Daniel observed that his son returned everyday from school enraged of his colleagues. He was always grumbling. Therefore, he told him the story of the enraged goat.
Once a farmer had a beautiful goat. He put a golden rattler around her neck. Conceitedly, she was jumping right and left that all people would hear the voice of the rattler and come and see her beauty. While jumping, the rattler leapt into a small thorny tree on a hill. The goat looked to the tree and asked him to throw to her the rattler.
“If you want it, climb the hill and take it.” The tree said. “I’ll not throw it to you.”
The goat was enraged and threatened the tree of taking revenge. She went to the saw, told him what had happened and asked him to cut the tree to avenge her.
“The tree is not mistaken. How can I cut him?” The saw replied. “Besides, I’m very old and I’m no longer sharp.”
The goat was again enraged and threatened the saw of taking revenge. She went to the fire, told her what had happened and asked him to burn the saw.
“How can I burn the saw?” The fire said. “ He’s right. He grew old and isn’t able to cut the tree.”
The goat was infuriated and threatened the fire of taking revenge. She then went to the water and asked him to quench the fire for revenge.
“Why do you easily get infuriated?” The water refused saying, “What sin had the fire committed?”
The goat was enraged and thought that all were against her. She went to the oxen and asked them to drink the water who refused to quench the fire. As the oxen heard the story, they said, “We’re not thirsty. Besides, the water didn’t wrong you so we’ll not drink the water.”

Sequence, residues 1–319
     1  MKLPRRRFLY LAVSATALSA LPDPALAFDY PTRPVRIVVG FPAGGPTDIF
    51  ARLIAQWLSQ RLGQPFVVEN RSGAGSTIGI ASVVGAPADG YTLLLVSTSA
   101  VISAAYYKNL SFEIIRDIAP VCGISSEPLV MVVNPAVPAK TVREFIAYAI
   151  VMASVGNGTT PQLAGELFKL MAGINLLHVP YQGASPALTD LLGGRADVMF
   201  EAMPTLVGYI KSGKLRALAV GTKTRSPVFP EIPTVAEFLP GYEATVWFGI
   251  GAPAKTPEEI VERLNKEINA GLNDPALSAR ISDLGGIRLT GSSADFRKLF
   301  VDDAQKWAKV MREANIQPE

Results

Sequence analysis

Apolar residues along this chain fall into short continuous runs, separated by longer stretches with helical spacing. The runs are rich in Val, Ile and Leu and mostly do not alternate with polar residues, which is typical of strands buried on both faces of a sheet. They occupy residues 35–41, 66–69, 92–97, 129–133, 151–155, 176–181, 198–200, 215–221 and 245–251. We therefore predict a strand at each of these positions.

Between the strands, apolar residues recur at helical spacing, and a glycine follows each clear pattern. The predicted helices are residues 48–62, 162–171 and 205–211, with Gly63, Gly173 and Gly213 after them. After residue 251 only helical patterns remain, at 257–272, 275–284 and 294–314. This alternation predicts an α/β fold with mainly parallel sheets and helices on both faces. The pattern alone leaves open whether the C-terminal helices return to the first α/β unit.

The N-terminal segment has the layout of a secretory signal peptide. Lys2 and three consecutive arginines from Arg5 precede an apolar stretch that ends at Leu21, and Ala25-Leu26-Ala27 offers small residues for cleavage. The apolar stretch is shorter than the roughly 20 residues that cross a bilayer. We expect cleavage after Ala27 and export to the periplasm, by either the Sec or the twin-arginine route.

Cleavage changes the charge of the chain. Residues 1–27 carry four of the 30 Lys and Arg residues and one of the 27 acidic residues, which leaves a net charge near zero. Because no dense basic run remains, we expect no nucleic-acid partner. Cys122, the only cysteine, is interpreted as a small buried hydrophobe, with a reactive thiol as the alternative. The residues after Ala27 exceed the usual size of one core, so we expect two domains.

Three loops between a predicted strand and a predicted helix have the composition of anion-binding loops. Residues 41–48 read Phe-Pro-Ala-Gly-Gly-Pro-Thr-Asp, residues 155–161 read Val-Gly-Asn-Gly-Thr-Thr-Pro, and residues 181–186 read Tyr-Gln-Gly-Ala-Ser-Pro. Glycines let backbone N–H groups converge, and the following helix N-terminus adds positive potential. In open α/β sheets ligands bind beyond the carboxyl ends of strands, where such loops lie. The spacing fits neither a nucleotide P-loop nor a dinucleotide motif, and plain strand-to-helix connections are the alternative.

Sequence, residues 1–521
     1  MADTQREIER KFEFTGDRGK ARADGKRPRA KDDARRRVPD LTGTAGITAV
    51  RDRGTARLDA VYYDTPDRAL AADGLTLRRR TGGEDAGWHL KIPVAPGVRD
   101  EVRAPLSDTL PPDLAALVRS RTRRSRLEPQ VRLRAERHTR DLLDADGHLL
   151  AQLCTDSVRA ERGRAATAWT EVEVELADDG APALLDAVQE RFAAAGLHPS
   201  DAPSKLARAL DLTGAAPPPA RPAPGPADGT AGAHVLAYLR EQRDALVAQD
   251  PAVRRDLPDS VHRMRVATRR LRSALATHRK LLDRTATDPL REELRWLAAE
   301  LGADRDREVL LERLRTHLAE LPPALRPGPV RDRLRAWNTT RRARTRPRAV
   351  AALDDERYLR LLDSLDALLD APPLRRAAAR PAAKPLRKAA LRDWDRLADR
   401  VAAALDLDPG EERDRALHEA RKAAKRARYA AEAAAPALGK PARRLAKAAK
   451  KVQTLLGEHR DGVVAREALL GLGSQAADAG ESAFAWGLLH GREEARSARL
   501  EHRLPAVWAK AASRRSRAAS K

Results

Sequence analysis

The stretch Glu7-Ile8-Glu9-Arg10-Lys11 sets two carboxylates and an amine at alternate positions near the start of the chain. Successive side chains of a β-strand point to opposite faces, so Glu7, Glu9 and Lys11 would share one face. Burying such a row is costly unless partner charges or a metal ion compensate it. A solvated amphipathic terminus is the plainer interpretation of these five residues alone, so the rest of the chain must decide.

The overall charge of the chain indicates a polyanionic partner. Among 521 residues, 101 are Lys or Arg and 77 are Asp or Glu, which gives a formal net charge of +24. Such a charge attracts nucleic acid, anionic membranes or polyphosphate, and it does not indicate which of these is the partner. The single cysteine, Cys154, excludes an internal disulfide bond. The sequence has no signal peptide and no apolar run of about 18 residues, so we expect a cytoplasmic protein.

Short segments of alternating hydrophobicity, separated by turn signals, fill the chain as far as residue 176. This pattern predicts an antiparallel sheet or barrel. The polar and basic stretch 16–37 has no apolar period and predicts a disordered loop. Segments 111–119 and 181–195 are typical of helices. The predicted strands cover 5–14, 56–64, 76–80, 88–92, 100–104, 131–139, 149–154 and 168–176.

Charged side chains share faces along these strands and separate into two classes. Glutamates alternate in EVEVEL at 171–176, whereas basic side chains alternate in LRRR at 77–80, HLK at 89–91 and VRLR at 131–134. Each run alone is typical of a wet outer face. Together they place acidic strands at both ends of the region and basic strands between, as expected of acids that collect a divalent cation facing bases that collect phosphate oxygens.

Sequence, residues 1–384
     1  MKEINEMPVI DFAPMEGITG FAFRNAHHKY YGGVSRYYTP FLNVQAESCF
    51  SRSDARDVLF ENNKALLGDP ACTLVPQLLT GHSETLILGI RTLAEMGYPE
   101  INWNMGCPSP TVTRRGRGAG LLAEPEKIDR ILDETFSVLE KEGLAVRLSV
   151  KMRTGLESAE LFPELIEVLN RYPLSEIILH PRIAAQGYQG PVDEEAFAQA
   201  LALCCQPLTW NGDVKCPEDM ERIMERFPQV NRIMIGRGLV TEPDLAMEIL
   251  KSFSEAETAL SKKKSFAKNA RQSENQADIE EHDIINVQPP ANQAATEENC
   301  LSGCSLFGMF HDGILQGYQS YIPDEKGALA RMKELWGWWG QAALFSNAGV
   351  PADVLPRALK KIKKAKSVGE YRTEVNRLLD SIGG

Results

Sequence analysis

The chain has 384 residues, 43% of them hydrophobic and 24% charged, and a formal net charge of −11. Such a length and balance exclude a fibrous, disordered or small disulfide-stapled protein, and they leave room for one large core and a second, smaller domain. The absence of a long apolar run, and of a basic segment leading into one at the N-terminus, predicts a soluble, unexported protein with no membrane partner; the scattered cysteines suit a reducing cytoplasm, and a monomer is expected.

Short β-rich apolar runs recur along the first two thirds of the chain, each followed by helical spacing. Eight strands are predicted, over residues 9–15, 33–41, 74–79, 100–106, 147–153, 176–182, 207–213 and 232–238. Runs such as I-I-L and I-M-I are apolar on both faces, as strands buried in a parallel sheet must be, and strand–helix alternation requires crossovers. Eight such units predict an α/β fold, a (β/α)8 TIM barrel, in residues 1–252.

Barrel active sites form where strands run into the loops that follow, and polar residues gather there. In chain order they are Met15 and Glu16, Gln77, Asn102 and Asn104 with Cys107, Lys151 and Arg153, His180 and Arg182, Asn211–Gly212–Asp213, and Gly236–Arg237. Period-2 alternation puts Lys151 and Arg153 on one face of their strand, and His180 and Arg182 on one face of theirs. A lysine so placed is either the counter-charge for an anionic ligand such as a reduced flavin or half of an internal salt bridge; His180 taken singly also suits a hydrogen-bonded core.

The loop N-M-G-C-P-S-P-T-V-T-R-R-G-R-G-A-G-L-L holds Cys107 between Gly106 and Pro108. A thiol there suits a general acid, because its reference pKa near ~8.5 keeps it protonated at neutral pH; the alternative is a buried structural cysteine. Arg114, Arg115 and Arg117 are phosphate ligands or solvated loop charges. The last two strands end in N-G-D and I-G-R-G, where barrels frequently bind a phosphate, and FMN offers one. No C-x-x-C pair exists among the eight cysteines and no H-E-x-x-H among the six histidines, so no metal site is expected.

She threatened them. Then, she went to a wolf, told him the story and asked him to eat the oxen.
“O enraged goat, why do you stir me against the innocent oxen? If you don’t go away from me now, I’ll devour you.”
The goat fled very furious. She went to the gun asking him to avenge her and kill the wolf. The gun said that he did not have bullets and that he did not want to kill a wolf for refusing to eat the oxen. She hurried to the mouse asking him to gnaw the gun for, he refused to kill the wolf.
“The gun is made of metal and I can’t bite metals.” The mouse said.
The goat went furiously to the cat asking him to devour the mouse who refused to gnaw the gun. The cat looked to the goat and said,
“You’re always enraged. Many a time you wanted to kill me with your horns. I’ll not obey you.”
Finding no way-out, she went to the shepherd and told him what had happened. The shepherd said, “O angry goat, why didn’t you come to me to bring you the rattler? You made great enmity between you and all the creatures and also the inanimates. It’s my fault to leave you all daylong move here and there. Go to the barn.”
The shepherd locked the door and the goat was inside. He brought the rattler. Instead of putting around her neck, he hung it on the door so that if she tried to go out he would hear her and would not let her out for a long time. Thus, rage changed her freedom to a prison.
Let me O Lord blame myself on everything.
May I be enraged against myself and my sins and ignorance
Instead of being enraged against others.
Anger makes my life a dark prison.
It makes me lose my inner freedom and peace.
“A wrathful man stirs up strife, but he who is slow to anger allays contention” (Prov. 15.18).
“He who is slow to anger is better than the mighty, and he who rules his spirit than he who takes a city” (Prov. 16.32).
“But now you yourselves are to put off all these: anger, wrath, malice, blasphemy, filthy language out of your mouth” (Col. 3.8).
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